Key Payroll Dates 2024/25

4 March 2024|Related :

Planning for the tax year ahead? Here are all the key payroll dates you need to know and any changes you should be aware of.

1 April 2024 – National Minimum Wage Increase

Kicking off just before the start of the new tax year is the increase to the national living wage (and minimum wage for those under 21). The new rates are as follows:

Wage Current Minimum From 1 April 2024 Difference
National Living Wage (21+) £10.42 £11.44 £1.02
Minimum Wage (18-20) £7.49 £8.60 £1.11
Minimum Wage (16-17) £5.28 £6.40 £1.12
Apprenticeship wage  £5.28 £6.40 £1.12

One thing to note is that there is no increase for the current 21-22 age bracket as this has been  merged with the over 23 bracket to create a new over 21 bracket.

With minimum wage increasing, you need to make sure that all your employees are being paid correctly from April onwards.

6 April – The New Tax Year Starts (2024/25)

While there won’t be fireworks, this is the time many small business owners get together with their accountants to make sure all paperwork has been completed and to discuss plans for the tax year ahead.

19 April – Employment Payment Summary Deadline

You will need to send an Employer Payment Summary (EPS) if you:

  • Reclaim statutory maternity, paternity, adoption, parental bereavement, or shared parental payments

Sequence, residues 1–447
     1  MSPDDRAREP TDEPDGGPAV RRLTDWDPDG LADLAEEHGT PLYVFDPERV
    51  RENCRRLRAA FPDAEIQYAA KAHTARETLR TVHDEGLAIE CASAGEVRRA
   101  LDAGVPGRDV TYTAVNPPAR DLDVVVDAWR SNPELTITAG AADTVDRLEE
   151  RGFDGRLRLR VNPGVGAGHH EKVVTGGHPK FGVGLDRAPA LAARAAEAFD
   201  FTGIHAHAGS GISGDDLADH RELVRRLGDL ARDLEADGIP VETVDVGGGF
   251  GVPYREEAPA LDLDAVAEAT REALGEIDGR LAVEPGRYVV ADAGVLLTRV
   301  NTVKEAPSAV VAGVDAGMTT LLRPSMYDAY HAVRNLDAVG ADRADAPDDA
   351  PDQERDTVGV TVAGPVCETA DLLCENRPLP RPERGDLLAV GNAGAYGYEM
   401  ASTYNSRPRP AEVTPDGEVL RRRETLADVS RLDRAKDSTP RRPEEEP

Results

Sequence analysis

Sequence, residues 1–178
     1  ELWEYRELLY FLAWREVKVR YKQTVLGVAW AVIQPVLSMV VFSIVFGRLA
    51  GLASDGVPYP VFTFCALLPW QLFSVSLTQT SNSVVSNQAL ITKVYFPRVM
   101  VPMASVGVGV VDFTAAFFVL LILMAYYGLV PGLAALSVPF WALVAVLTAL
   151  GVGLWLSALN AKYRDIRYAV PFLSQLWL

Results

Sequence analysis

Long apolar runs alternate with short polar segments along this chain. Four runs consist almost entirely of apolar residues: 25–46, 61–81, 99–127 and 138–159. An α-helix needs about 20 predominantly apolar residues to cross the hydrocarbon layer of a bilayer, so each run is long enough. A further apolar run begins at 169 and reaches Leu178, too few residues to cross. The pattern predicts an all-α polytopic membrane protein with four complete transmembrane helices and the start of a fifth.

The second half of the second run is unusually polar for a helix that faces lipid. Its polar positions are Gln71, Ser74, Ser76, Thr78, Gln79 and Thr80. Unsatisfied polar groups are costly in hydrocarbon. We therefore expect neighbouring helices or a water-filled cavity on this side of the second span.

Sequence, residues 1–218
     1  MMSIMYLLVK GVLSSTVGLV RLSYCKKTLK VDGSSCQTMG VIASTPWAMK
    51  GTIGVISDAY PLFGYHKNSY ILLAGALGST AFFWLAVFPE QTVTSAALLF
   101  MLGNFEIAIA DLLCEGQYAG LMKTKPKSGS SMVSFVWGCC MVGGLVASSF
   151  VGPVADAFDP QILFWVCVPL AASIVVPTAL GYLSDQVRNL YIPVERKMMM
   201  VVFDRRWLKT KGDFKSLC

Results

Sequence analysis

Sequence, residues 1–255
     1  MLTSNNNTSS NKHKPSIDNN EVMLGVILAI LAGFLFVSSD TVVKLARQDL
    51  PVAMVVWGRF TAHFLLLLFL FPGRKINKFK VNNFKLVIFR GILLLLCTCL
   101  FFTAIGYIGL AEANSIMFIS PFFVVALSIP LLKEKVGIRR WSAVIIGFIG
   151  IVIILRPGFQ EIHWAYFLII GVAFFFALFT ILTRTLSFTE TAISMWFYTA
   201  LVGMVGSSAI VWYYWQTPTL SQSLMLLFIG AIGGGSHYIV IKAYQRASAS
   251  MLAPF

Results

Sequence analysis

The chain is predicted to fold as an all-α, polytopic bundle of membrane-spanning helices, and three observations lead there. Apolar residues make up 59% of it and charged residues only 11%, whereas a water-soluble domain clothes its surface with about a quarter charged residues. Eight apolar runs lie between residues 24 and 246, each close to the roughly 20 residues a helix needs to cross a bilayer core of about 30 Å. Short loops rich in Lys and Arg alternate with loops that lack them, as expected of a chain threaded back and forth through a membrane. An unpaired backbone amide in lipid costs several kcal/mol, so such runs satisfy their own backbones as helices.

• Claim Employment Allowance
  • Reclaim Construction Industry Scheme deduction
  • Pay the apprenticeship levy and have an annual bill of more than £3 million

31 May – Deadline for Giving Employees P60 Forms

31 May is the deadline for giving employees a P60 form, which shows them how much taxable salary they were paid in the previous year.

6 July – P11Ds Deadline

Submitting your P11D form involves declaring the benefits and expenses you have provided for your employees. You must also provide your employees with a copy of the form.

By 6 July, you must also submit a P11D(b) form to HMRC, declaring the total Class 1A NICs you owe on expenses provided for the year.

19 July – Class 1A National Insurance – Cheque Payment

If your accountant is old school and prefers to pay via cheque, you must submit any Class 1A National Insurance owed on expenses or benefits from the previous tax year to HMRC by 19 July.

22 July – Class 1A National Insurance – Electronic Payment

If your accountant is living in the 21st century with the rest of us and prefers electronic payments, you must submit any class 1A National Insurance owed on expenses or benefits from the previous tax year to HMRC by 22 July – a whole three days later! 

19 October – PAYE Settlement Agreement Payment Deadline – Via Cheque

If your business has a PAYE Settlement Agreement in place, you must pay all tax and Class 1B National Insurance you owe by 19 October if you’re paying by cheque.

22 October – PAYE Settlement Agreement Payment Deadline – Via Electronic Payment

If your business has a PAYE Settlement Agreement in place, you must pay all tax and Class 1B National Insurance you owe by 19 October if you’re paying electronically.

Payroll with Ryans